My Brain

This was written at the age of about 17, in my “sort of journal”. It probably explains a lot about me, and definitely shows up the early onset of idiocy!

In case some readers do not know what tripe is, you probably don’t want to know, but this is what it looks like:

tripeSeriously, would you eat this?

The harder I try to put my feelings and thoughts into words, the more difficult it becomes.

To write down these words, on paper, is even more difficult, nye impossible. The seeming infinity of the brain’s reasoning functions, and its associated thought patterns, far surpass the ability of man to put these resources to use.

Ever since time began, man’s brain has puzzled even the most brilliant specialists. Looking like a lump of tripe, its intricacy, yet simplicity is still not fully understood and, I think, will remain so until long after I’m dead.

With the brilliant circuits, made up of still more brilliant microscopic electronic components, man has strived to produce an artificial “brain”. However, the powers that made us, obviously did not intend us to know the “elixir of life”, for that’s surely what the brain must be.

Man can artificially produce all components of the body except the brain, and, perhaps, someday he may be granted the knowledge of knowledge. God help us when he is. Just think of the corruption it would bring.

I do not see, however, how such a wonderful collection of matter can possibly understand itself. The mere fact that it is so marvellous makes it unbelievable and, therefore, I think, almost impossible to fathom. I say almost because, in this age, specialists have successfully probed and repaired and, in one case transplanted brain matter.

I could go on for pages and pages but my lump of tripe tells me to stop, and who am I to argue with such wisdom?

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At the Doctor’s

images-16BUT I’M ALREADY HERE!

What, awful punctuation there is upon, the screen?

Its’ often very difficult to know just, what they mean

They must; have been to school and: such

If not they Broke the law

Hang on, a bit the screens’ just changed

And now ther’es even more

 

Apparently my colons in danger of disease.

I thought I only had the one, but anything to please.

There’s hypo this, and hyper that, yet their and there are mixed,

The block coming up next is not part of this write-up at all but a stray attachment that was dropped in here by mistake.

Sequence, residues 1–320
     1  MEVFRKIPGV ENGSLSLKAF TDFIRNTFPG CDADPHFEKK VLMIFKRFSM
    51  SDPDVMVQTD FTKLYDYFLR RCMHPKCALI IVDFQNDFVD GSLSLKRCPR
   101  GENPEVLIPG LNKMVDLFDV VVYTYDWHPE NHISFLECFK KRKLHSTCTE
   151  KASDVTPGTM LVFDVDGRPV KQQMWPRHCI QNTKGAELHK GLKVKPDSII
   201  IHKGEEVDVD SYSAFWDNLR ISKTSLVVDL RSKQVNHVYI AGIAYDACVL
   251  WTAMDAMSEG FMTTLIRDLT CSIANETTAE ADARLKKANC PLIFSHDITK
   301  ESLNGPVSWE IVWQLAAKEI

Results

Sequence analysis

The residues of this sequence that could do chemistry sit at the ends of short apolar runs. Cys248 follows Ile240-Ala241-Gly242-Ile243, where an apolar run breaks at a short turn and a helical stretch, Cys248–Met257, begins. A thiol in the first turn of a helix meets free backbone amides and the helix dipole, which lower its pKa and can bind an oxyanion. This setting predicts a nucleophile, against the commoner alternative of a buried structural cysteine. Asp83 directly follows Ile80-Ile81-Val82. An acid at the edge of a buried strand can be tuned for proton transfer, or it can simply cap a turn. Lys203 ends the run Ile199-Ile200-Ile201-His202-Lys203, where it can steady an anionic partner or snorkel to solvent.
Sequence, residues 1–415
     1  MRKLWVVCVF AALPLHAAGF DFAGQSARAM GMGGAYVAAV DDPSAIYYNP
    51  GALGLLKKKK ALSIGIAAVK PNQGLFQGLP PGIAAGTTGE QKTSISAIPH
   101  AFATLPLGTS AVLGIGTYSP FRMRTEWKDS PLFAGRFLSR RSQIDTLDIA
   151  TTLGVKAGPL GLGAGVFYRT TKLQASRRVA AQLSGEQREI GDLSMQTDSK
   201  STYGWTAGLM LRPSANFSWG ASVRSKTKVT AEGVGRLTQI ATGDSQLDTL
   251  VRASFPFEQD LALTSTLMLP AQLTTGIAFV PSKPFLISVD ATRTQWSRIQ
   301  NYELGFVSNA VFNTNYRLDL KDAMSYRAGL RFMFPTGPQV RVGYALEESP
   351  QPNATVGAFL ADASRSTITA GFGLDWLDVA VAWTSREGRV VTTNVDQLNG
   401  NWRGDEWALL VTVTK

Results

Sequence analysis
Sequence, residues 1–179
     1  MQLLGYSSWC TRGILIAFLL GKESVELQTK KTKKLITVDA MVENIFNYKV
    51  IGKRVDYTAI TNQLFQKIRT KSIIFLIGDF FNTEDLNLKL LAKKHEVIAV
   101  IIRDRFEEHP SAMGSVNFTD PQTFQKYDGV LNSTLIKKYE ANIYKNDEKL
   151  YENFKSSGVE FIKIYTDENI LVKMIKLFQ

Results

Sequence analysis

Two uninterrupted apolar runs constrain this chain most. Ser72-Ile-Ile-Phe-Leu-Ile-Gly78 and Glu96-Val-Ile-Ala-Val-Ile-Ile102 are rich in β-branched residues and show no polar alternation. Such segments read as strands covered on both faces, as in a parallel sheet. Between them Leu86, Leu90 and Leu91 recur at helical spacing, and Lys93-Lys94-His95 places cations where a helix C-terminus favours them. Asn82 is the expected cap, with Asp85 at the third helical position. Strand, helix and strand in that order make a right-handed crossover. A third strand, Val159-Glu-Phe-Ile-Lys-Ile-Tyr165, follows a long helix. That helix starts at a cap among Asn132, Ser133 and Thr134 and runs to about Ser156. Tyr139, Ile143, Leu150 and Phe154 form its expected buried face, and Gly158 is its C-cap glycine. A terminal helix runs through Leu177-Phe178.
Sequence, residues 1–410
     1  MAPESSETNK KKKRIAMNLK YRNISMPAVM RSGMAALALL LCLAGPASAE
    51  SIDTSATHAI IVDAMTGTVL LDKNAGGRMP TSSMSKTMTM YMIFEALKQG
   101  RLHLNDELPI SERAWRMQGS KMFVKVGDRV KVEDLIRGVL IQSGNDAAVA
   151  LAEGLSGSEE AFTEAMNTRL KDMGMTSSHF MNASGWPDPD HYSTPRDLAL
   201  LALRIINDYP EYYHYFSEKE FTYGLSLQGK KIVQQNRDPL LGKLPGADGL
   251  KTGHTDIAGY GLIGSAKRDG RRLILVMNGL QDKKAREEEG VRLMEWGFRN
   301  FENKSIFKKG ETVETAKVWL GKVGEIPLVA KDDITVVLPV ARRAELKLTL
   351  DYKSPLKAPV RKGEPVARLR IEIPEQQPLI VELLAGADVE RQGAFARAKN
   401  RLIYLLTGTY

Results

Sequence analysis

and they’re convinced that all my ills can very soon be fixed.

Forget my moans, my name’s been called, enunciated strongly.

Computer generated speech was used, pronouncing my name wrongly!

I feel unwell!

Short Story: Broken Sign

I love to just happen across something that makes me laugh out loud and frighten the cat. This short story is just brilliant, and funny, and clever, and did I mention brilliant? Don’t take my word for it, read it for yourself, and then discover the other delights that nest in babbitman’s blog.

babbitman

There’s been a lot of talk recently about the dangers of artificial intelligence with luminaries such as Stephen Hawking, Bill Gates and Elon Musk warning that AI could be “more dangerous than nuclear weapons”. Science-fiction has been banging this particular drum for decades: from HAL 9000 to Skynet in the Terminator movies, there are dozens of examples of artificial intelligence going rogue. Which is why it probably comes as a shock to learn that the first truly self-aware artificial construct was an overhead electronic variable message sign on the northbound A46, a few miles outside Nottingham.

It wasn’t particularly planned to happen; there was no over-arching project, no great fanfare. In fact, nobody actually recognised what had really occurred.

Variable Message Sign 4427A was installed on the new A46 dual carriageway just north-east of the Stragglethorpe interchange. It wasn’t particularly special, even though it towered over the road and surrounding…

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